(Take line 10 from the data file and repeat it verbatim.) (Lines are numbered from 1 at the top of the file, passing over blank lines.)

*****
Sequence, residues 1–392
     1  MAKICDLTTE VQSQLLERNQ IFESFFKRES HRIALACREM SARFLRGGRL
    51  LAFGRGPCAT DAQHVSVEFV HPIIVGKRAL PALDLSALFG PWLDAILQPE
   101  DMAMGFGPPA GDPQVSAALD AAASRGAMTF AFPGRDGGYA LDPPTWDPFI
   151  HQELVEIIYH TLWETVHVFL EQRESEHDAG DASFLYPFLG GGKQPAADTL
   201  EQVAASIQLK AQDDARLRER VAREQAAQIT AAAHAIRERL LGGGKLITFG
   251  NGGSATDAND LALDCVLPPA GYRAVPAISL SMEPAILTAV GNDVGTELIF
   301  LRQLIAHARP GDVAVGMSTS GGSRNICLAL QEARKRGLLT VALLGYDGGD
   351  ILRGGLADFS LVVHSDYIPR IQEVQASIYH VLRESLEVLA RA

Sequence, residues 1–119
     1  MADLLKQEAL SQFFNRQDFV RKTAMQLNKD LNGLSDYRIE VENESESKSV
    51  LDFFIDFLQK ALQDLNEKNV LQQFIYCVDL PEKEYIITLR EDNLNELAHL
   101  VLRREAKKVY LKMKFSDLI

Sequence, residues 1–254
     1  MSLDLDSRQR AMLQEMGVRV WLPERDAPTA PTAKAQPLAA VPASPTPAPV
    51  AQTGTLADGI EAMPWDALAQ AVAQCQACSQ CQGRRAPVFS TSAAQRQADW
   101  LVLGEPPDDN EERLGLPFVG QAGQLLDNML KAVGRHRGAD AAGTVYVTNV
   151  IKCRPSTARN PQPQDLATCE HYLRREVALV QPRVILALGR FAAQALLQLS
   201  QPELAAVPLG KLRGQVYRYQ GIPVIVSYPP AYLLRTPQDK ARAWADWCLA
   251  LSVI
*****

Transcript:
Sequence, residues 1–119